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Tables 1 and 2 show the advantages and disadvantages of phenotypic and genotypic resistance analyses order top avana 80 mg mastercard. Table 1: Advantages and disadvantages of phenotypic resistance analysis Phenotypic resistance analysis Advantages Disadvantages • Direct measure of drug susceptibility • Detection of viral mutants only possible when • Measure of drug susceptibility feasible comprising ≥20% of the total virus population irrespective of the presence of unknown • Clinical cut-offs not available for all drugs resistance mutations • Costly (reimbursement by health insurance often • Measure of drug susceptibility feasible not guaranteed) irrespective of the complexity of resistance • Time-consuming (several weeks) patterns and the presence of resensitizing • HIV-1 subtyping not possible mutations • Interactions between antiviral drugs are not reflected in the test results • Test results are not affected by amino acid exchanges discount top avana 80mg on line, which are only an intermediate step to resistance Basic principles of phenotyping Phenotypic resistance tests involve direct quantification of drug sensitivity best top avana 80mg. Viral replication is measured in cell culture under the selective pressure of increasing concentrations of antiretroviral drugs and is compared to viral replication of wild- type virus. Drug concentrations are expressed as IC50 values (50% inhibitory con- 302 ART centration), the concentration of drug required to inhibit viral replication in cell cul- tures by 50%. The sensitivity of the virus is expressed as the IC50 divided by the IC50 of a wild-type reference virus (fold-change, FC, also known as resistance factor) and compared to the so-called cut-off value. The cut-off value indicates by how much the IC50 of an HIV isolate can be increased in comparison to that of the wild-type and still be classified as sensitive. The determination of the cut-off is crucial for the interpretation of the results. Cut-offs: technical, biological and clinical Three different cut-offs are currently being used. The technical cut-off is a measure of the methodological variability of the assay. The biological cut-off involves the inter-individual variability of wild-type virus iso- lates from ART-naïve HIV-positive patients. If the IC50 is below the biological cut-off, virological success is very likely. However, an IC50 above the biological cut-off does not allow prediction of the virologic response to a drug. In contrast, the clinical cut-off indicates up to what levels of IC50 virologic effective- ness can still be expected. In general, lower and upper clinical cut-offs are defined. The lower clinical cut-off is the fold-change in IC50 (FC) which indicates slightly reduced virological response. An FC above the upper clinical cut-off indicates resistance, and an FC between the two cut-offs indicates partial resistance. Due to limited clinical experience, cut-off data is often lacking for recently approved drugs. In these cases, interpretations are based on biological cut-offs. In the phenotypic analysis, mutations that do not confer resistance by themselves but provide evidence for transmitted, emerging or reverting resistance have no influence on the measure of resistance. Basic principles of genotyping The HIV genome consists of two RNA (ribonucleic acid) strands containing the genetic information of the virus. Within the nucleotide sequence of the HIV genome, a group of three nucleotides, called a codon, code for a particular amino acid in the protein sequence. Resistance mutations are described using a number for each gene, showing the position of the relevant codon, and two letters, the letter preceding the number corresponding to the amino acid specified by the codon at this position in the wild-type virus, while the letter after the number describes the amino acid that is produced from the mutated codon. A change in the nucleotide sequence of a codon is called a mutation. Only those mutations that code for a different amino acid that leads to a change in the protein structure are clinically relevant. This affects protein function and can contribute to the develop- ment of resistance to antiretroviral agents. M184V indicates a mutation in codon 184 of the reverse transcriptase gene leading to a valine for methionine substitution in the reverse transcriptase enzyme and rendering the virus resistant to 3TC and FTC. Genotypic assays are based on the analysis of mutations associated with resistance. These are determined by the direct sequencing of the amplified HIV genome or by specific hybridization techniques with wild-type or mutant oligonucleotides. For therapeutic decision making, sequencing of the pol region, which encodes for the viral enzymes protease, reverse transcriptase and integrase, and sequencing of the env region, which encodes for the glycoproteins of the viral envelope, gp41 and HIV Resistance and Viral Tropism Testing 303 gp120, are of relevance. Other gene regions, in particular RNase H and gag, are reported to be associated with phenotypic drug resistance. However, sequencing of these regions has only been performed in the context of research and is not part of routine diagnostics. The interpretation of genotypic resistance patterns is based on the correlation between genotype, phenotype and clinical response. There is data available from in vitro studies, clinical studies, clinical observations and duplicate testing, in which genotypically localized mutations have been investigated for phenotypic resistance. Table 2: Pros and cons of genotypic resistance analysis (population-based sequencing) Genotypic resistance analysis Advantages Disadvantages • Quick analysis (results within days) • Indirect measurement of resistance • Widely used (no specific safety requirements • Detection of viral mutants only possible when for laboratory) comprising ≥20 of the total virus population • Listing of all changes in the nucleotide sequence • Complex resistance patterns are often • Detection of any mutation – with either evidence difficult to interpret of resistance, emerging resistance or reverting • Unknown mutations are not considered for resistance interpretation • HIV-1 subtyping possible • Interpretation systems must be updated • In general, reimbursement by health insurance regularly (i. Expert panels have developed algorithms based on the literature and clinical outcomes that are updated on an annual or bi- annual basis (Table 3). Interpretation of RAMs in Germany primarily uses the algo- rithm developed by HIV-GRADE e. The Stanford HIV Drug Resistance Database also provides a database with explanations and statistical analy- sis of RAMs aside from the algorithm. Most commercial providers of resistance assays have integrated interpretation guidelines into their systems. Table 3: Genotypic resistance interpretation systems: an overview Interpretation system Interpretation Available Internet address: free of charge http:// HIV-GRADE (12/2013), Rules-based Yes www. The virtual phenotype is characterized by phenotypic information derived from genotype without performing a phenotypic resistance test in the laboratory. Phenotypic estimates derive from large databases of paired genotypic and phenotypic information. Methods of tropism testing To enter the target cell, HIV binds to the CD4 receptor and so-called chemokine co- receptors, of which CCR5 and CXCR4 are most important. Dependent on the use of coreceptors (“tropism”) the virus is classified as CCR5-(“R5”-) tropic or CXCR4- (“X4”-) tropic. Viral strains using both coreceptors are called dual-tropic. Since tropism tests cannot distinguish between dual-tropic viral isolates and a mixture of R5- and X4-tropic viral isolates, the term dual/mixed (D/M) tropic is used. Analogous to resistance testing, tropism testing can be performed genotypically or phenotypically (Braun 2007). European guidelines recommend both the enhanced sensitivity Trofile assay and V3 loop population sequencing (Vandekerckhove 2011). Table 4 outlines the advantages and disadvantages of both methods. Phenotypic tropism testing Due to its use in clinical trials, TrofileTM is the best-known phenotypic tropism test. TrofileTM ES (TrofileTM with enhanced sensitivity) detects minor viral populations down to a 1% sensitivity. This test has further become available for the use of provi- ral DNA when viral load is <1000 HIV RNA copies/ml. Another commercially avail- able phenotypic test is Phenoscript ENV (EuroFins/VIRalliance).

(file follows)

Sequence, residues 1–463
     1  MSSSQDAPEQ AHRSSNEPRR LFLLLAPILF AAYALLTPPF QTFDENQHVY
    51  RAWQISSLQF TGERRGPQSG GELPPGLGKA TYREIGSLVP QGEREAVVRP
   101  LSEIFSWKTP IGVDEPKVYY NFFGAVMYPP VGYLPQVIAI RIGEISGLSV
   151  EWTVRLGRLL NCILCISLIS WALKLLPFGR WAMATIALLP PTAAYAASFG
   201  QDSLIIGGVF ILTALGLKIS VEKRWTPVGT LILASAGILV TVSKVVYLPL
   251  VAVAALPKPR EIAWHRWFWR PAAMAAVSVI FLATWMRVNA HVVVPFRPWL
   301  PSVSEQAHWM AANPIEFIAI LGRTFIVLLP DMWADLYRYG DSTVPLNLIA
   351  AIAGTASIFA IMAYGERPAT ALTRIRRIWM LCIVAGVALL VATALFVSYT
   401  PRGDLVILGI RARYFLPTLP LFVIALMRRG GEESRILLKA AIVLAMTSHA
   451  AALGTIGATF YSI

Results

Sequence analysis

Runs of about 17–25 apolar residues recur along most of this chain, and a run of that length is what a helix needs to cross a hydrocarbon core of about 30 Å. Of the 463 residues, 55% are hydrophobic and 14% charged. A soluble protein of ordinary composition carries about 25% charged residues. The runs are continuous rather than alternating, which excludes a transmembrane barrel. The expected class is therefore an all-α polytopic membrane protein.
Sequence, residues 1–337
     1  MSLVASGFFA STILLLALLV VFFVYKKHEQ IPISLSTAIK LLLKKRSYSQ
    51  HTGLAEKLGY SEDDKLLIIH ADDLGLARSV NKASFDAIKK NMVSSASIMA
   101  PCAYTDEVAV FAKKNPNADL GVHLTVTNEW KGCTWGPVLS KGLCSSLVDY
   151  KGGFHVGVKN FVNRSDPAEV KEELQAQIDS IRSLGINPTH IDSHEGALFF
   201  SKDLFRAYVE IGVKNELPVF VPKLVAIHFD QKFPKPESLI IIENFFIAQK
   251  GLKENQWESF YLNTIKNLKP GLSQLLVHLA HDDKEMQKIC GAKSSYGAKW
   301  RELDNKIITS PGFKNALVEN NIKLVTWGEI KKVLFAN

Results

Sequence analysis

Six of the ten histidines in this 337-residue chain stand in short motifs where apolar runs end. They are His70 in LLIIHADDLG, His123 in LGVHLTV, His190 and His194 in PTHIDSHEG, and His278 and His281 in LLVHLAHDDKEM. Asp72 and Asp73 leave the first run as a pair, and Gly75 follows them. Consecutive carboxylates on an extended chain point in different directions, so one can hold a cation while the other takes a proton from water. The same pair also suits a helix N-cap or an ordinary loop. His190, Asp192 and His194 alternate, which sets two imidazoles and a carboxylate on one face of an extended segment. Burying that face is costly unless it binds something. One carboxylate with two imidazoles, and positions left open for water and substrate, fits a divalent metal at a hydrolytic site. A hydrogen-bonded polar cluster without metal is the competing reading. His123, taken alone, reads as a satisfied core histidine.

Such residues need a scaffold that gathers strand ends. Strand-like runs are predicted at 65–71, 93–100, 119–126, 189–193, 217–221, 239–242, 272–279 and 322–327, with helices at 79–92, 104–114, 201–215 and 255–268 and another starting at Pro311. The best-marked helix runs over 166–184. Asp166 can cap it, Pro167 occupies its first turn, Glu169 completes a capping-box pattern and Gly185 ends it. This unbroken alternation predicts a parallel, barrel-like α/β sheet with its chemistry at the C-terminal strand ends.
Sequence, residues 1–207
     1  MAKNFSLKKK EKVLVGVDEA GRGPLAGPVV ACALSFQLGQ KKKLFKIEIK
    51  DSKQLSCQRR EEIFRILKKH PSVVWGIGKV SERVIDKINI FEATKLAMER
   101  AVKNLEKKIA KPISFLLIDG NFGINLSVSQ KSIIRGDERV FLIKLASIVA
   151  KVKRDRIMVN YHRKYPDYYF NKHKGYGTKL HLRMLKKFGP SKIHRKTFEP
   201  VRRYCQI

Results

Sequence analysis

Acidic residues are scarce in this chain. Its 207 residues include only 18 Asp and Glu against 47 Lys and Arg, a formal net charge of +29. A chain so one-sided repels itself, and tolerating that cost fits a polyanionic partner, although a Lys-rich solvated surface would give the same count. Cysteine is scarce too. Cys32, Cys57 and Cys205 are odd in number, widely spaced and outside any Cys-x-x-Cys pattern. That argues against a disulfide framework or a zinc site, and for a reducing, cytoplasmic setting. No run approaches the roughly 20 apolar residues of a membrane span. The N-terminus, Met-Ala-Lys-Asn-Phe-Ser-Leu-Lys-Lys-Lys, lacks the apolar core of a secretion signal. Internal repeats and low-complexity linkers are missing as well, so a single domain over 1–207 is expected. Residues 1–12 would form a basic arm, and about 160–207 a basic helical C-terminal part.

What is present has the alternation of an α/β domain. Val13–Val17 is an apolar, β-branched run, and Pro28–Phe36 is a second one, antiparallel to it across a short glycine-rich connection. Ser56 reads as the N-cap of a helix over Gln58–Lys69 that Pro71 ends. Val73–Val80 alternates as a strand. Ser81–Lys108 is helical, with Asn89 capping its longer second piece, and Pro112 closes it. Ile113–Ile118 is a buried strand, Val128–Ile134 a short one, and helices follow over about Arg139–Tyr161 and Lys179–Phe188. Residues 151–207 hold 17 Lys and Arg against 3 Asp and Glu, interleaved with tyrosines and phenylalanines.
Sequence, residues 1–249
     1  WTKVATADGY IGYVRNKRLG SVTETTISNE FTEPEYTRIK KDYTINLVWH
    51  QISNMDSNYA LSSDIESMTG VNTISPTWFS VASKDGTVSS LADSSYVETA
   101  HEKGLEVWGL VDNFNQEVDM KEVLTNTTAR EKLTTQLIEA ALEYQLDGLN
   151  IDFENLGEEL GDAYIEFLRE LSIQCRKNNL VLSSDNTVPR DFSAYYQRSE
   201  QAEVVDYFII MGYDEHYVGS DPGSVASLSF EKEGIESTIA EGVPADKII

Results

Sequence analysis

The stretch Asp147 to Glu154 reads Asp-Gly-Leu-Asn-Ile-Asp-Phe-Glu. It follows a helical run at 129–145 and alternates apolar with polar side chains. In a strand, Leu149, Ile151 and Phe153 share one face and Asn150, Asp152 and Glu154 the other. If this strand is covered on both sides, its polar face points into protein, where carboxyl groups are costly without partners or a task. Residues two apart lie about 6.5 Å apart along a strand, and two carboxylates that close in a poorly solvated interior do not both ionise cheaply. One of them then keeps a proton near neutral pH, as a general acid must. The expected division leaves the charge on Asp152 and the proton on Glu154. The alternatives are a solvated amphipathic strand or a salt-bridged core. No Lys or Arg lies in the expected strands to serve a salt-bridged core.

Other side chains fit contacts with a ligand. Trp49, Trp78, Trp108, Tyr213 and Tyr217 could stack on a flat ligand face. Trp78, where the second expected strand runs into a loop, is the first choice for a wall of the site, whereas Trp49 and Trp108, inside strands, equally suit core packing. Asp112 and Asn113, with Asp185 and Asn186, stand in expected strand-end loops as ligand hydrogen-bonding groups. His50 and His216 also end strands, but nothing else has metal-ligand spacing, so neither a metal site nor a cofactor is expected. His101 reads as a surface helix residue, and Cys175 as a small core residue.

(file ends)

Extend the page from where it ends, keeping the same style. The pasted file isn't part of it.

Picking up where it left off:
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In a larger trial (N=256) of ziprasidone and aripiprazole cheap 80 mg top avana amex, time to onset of efficacy was evaluated by comparing 125 response at specific time points buy generic top avana 80 mg online. At 4 weeks ziprasidone was found to have superior improvement in the BPRS and the PANSS cheap top avana 80 mg otc, but not on the CGI or at any other time point. Pooling data from the RODOS studies resulted in an onset of initial response 7. The imprecision around the estimate of the weighted mean difference for time-to-onset of olanzapine compared with risperidone was reflected in the wide 95% confidence intervals. A sensitivity analysis examining the influence of individual studies revealed the Snaterse study to contribute to the between-study heterogeneity. Excluding this study gave a pooled weighted mean difference of 4. The mean onset of efficacy in patients admitted to a state psychiatric hospital was approximately 6 days shorter with risperidone than olanzapine, however the data for olanzapine were less 140 complete and the standard deviations were not reported. Discontinuation of treatment No significant difference was found in rates of discontinuation of drug for any reason or switching medications overall, based on 1 trial and 3 observational studies. The risk of discontinuing assigned drug due to lack of efficacy was higher in the olanzapine groups (number needed to treat, 44), while the risk of discontinuing due to adverse events was higher in the risperidone groups (number needed to treat, 59). A trial involving aripiprazole, olanzapine, risperidone, and ziprasidone atypical antipsychotics found ziprasidone to have the highest withdrawal rate due to adverse events, but the difference across the groups was not statistically 62 significant. One of these studies, conducted in Canada, followed patients for 12 months and reported a significant difference in the re-admission rate over this time period (31. Atypical antipsychotic drugs Page 55 of 230 Final Report Update 3 Drug Effectiveness Review Project Discharge rates A small (N=20), 10-week, open-label trial compared clozapine with risperidone in treatment- resistant patients during hospitalization for an acute episode and reported discharge rates (60% 84 with clozapine, 78% with risperidone; P=0. There were significantly more women than men in the risperidone group, but other baseline characteristics were similar. The mean dose of clozapine was 385 mg daily (midrange) compared with 7. A study of olanzapine and risperidone found that the proportion of patients discharged on their assigned drug was not statistically significantly different between the drugs 136 when prior failures on one or the other was taken into account. In a study of ziprasidone and aripiprazole, discharge-readiness was assessed by the 125 Outcome Resource Discharge Questionnaire, rather than actual discharge rates. Nursing burden in inpatient setting A single fair-quality study comparing olanzapine plus lorazepam with haloperidol plus 256 lorazepam evaluated the effects in acutely agitated patients with schizophrenia. The outcome measure was based on the use of restraints, seclusion, or special nursing watch procedures. The proportions of patients needing these were similar in both groups (16. This was a small study (N=100) in a narrowly defined population, so generalizability to other populations was low. Since no other trial used these outcome measures, indirect comparisons were not possible. Atypical antipsychotic drugs Page 56 of 230 Final Report Update 3 Drug Effectiveness Review Project Table 6. Olanzapine compared with risperidone in the inpatient setting Study Olanzapine Risperidone Olanzapine compared with risperidone Length of inpatient stay N Mean days N Mean days Kraus 45 8 40 8 Mladsi 153 11 120 12 Weighted mean difference Advocat 46 332 36 376 a 5. Efficacy Intermediate outcome measures, such as improvement on symptom scales, typically are useful in determining efficacy of a drug. But they are not the ultimate goal of treatment; long-term effectiveness outcomes are. In the chain of evidence, there is a presumed link between the intermediate efficacy measure and a long-term effectiveness outcome, but these links are not always proven. An example of an intermediate outcome measure and an effectiveness outcome is improvement in negative symptoms leading to improvements in social functioning. Previous versions of this report have conducted detailed analyses of intermediate outcome measures; however, with the body of evidence now available for the atypical antipsychotics, we have a large group of studies contributing direct evidence on comparative effectiveness outcomes for most of these drugs. When the direct link between treatment and long-term effectiveness outcomes exists, reviewing the evidence on intermediate outcomes does not confer additional information about medication benefits. In many cases, a large body of evidence would be reviewed to result in the same conclusions as the higher-level evidence. In cases where the intermediate evidence conflicts with the long-term effectiveness Atypical antipsychotic drugs Page 57 of 230 Final Report Update 3 Drug Effectiveness Review Project evidence, the fact that a definite link between the outcomes has not been established may be the cause. One such outcome that has not been addressed above is response or remission rates. Intermediate outcomes that are no longer necessary to be reviewed except in special circumstances are the schizophrenia symptomatology scales (PANSS, BPRS, SANS, and Clinical Global Impression-Improvement [CGI-I]), neuropsychiatric cognitive tests, and symptom scales for aggression and depression as a part of the symptoms of schizophrenia. Below we present the data on response and remission for all atypical antipsychotics and intermediate outcomes for only those drugs without long-term effectiveness evidence. Currently the drugs without effectiveness evidence are asenapine, iloperidone, extended-release paliperidone and paliperidone long-acting injection, the injectable formulations of olanzapine, risperidone, and ziprasidone, the orally disintegrating tablet formulations of clozapine, olanzapine, and risperidone, and the extended release tablet formulation of immediate-release quetiapine. Response rates Response rates across the atypical antipsychotics ranged widely across trials due to variations in patient populations, duration of follow-up, and definition of response. Many trials reported response based on ≥ 20% improvement on the PANSS, but it was clear that this definition did 257, 258 not work well for all populations. Other definitions included the Kane criteria 259 (improvement of ≥ 20% on BPRS and either CGI-S ≤ 3 or BPRS ≤ 35), 30%, 40%, and 50% improvements in PANSS or BPRS, and, more recently, ≤ 3 on all PANSS items and ≤ 3 on the CGI-S. Across the trials, statistically significant differences in response rates were very rare, with these differences occurring only when data were analyzed according to multiple definitions of response (see comparison of clozapine and olanzapine below). In these cases, however, other analyses or other trials have not confirmed findings of a difference. Each of these trials reported response rates of >20% on the PANSS (Table 7), but only 1 study found a 47 statistically significant difference on this measure (olanzapine 75%, risperidone 47%, P=0. Pooled analysis resulted in no significant difference between the drugs. Three studies also reported response rates defined as >40% improvement on the PANSS. Pooling these data did not result in a significant difference (P=1. A significant difference favoring olanzapine was found using >50% improvement on the PANSS in the only study using 80 this threshold. An additional small trial (N=78) was poor quality due to inadequate description of methods for randomization, allocation concealment, and lack of an intention-to-treat 121 analysis. Four studies comparing clozapine with risperidone reported response rate. Three defined 36, 84, 260 26 response as a 20% improvement in the total PANSS score and 1 used the Kane criteria. None of the studies found a significant difference between the drugs based on this criterion (Table 7).